Alarm start happening when voltage rises to concrete number.. But we still have 10-20% headroom. (Numbers just out of my head.)

Instead of speed cut-out, now we will get voltage cut-out also. :D Respect wheel and it's alarms and you will have ZERO problems. In 3 years i have heard zero alarms, simply for fact that i don't overburden my wheel and know it's limits.

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Posted (edited)
1 hour ago, alcatraz said:

The laws aren't written by riders. I don't expect it to be logical and reasonable. 

True.

I don't even care for them. I'm doing my own thing. :D They can make them, doesn't mean people will start to follow them suddenly. Imagine suddenly there is law saying you can't leave house past 10'o clock... Duck that. Same for EUC's suddenly getting banned - Duck that. I'm gonna keep riding. I don't need 50lbs paper weight. Same for pev's suddenly getting banned on public transport - nope. I will continue to bring it onboard. As people have been doing it for decades!

Dumb/Stupid laws needs to be ignored.

Manufacturers need to make them safer in first place! So people get on with the time and start accepting small electric transports of all kind. PEV's of all kind is the future..

Edited by Funky
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On 9/3/2023 at 12:20 PM, Student4Life said:

I see modern EUCs are using name-branded battery cells.  But some jurisdictions (notably NYC) in the last year are requiring micro-mobility devices to have UL certifications, and CPSC has been using stronger words.  https://www.ul.com/industries/automotive-and-mobility/micromobility-device-testing-and-certification  An earlier thread in this forum suggested the production quantities for EUCs don't justify the costs of certification.  But what is the state of affairs today-- are some of the battery packs certified?  Devices certified?  What are the risks-- Would an employer allow an EUC to be stored at a desk?  Charged at a desk?  Ridden while on duty?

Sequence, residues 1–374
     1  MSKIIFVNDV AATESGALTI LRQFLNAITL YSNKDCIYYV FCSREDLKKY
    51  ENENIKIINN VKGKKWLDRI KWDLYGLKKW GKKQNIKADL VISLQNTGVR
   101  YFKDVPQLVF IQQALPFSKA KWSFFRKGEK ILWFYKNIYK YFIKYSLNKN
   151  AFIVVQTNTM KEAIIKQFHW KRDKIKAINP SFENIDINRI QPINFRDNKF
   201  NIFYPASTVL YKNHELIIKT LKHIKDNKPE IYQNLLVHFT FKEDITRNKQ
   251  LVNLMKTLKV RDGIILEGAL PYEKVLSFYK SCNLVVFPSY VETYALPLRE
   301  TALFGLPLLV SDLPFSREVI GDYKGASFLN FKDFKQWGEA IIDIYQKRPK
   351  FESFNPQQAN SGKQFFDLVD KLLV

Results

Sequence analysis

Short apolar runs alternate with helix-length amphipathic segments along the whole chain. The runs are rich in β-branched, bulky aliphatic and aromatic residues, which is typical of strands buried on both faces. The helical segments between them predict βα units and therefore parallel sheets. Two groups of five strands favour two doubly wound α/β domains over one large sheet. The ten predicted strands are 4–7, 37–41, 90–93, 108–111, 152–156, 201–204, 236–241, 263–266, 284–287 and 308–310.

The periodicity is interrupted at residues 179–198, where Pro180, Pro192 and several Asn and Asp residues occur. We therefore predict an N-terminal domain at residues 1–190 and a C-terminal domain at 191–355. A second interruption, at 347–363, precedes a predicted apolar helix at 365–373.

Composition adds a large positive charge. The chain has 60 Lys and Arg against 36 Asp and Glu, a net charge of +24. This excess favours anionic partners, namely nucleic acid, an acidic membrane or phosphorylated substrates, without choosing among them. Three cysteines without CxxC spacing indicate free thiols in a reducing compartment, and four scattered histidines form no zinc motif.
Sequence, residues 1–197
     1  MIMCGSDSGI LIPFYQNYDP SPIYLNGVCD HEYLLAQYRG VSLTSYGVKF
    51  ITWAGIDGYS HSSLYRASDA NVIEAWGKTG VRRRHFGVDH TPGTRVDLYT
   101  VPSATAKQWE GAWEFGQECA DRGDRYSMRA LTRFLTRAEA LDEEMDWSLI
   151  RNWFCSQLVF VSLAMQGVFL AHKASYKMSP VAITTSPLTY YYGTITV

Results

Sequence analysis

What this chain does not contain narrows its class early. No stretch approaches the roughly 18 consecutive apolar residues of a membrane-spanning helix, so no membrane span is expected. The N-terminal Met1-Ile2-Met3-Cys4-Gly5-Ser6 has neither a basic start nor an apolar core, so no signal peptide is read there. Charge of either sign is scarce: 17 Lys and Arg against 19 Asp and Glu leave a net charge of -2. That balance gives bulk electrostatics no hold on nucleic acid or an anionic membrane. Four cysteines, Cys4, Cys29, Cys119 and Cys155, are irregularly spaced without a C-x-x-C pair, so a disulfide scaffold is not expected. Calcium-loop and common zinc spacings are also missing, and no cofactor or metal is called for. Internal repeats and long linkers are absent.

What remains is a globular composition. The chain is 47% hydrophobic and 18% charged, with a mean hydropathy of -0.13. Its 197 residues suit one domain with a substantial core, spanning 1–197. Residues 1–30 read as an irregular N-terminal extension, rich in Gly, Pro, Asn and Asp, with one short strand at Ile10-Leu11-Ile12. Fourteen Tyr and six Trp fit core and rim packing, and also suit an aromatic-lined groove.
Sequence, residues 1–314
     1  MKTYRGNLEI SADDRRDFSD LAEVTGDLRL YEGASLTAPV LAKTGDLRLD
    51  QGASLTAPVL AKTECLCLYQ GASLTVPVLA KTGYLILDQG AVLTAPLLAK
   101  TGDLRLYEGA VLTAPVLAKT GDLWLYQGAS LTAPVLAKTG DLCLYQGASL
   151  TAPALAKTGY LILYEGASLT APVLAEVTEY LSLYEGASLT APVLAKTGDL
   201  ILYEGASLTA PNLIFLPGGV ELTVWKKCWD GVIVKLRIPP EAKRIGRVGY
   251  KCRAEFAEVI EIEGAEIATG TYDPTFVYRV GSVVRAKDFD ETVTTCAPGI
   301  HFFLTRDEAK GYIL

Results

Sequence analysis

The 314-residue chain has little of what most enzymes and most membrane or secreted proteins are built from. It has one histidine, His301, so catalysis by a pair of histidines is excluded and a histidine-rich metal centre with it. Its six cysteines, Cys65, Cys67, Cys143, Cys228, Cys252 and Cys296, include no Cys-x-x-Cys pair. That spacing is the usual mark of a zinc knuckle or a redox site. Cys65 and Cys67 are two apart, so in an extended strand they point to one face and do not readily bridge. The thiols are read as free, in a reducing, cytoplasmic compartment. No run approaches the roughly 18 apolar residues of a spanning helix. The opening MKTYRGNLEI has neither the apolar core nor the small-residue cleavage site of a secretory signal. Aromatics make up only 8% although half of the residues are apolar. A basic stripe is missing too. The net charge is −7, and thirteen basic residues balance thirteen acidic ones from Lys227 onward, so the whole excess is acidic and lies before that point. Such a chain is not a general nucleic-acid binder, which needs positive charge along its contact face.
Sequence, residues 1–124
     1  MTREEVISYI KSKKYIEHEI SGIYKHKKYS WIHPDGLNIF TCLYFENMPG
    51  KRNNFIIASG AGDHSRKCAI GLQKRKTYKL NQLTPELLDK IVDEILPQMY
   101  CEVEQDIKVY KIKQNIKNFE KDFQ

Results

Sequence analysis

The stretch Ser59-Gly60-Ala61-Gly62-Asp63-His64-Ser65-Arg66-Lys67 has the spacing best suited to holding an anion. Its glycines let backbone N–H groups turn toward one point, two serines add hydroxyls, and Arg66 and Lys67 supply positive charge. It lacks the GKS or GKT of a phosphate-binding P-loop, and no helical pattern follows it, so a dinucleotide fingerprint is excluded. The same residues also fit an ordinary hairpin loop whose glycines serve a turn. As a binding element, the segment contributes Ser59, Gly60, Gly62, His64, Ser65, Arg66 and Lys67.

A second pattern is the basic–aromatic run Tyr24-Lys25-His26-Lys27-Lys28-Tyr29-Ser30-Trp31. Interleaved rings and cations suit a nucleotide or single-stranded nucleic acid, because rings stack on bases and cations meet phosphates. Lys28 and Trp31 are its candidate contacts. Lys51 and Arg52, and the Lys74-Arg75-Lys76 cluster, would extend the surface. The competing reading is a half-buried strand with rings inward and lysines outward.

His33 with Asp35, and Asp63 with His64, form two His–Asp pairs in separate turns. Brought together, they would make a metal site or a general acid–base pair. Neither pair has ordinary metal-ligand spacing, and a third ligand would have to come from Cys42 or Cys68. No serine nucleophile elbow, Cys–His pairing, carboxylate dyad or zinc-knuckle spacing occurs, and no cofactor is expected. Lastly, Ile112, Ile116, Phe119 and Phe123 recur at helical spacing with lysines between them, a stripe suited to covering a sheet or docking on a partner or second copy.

Begode will not be able to easily adapt. 

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7 minutes ago, Jason McNeil said:

So.... I just got off the phone with a UL Engineer to go over some of the details of the upcoming legislation & the impact this will have to this Wheels. He tells me that this is going to effect ALL PEV equipment, including Wheels, Scooters, eBikes, Hoverboards, etc, for anything either being made, or imported into the US will require the 2272/2849 certification, enforced through CBP. Exact time for implementation has not yet been established, until it passes the senate vote.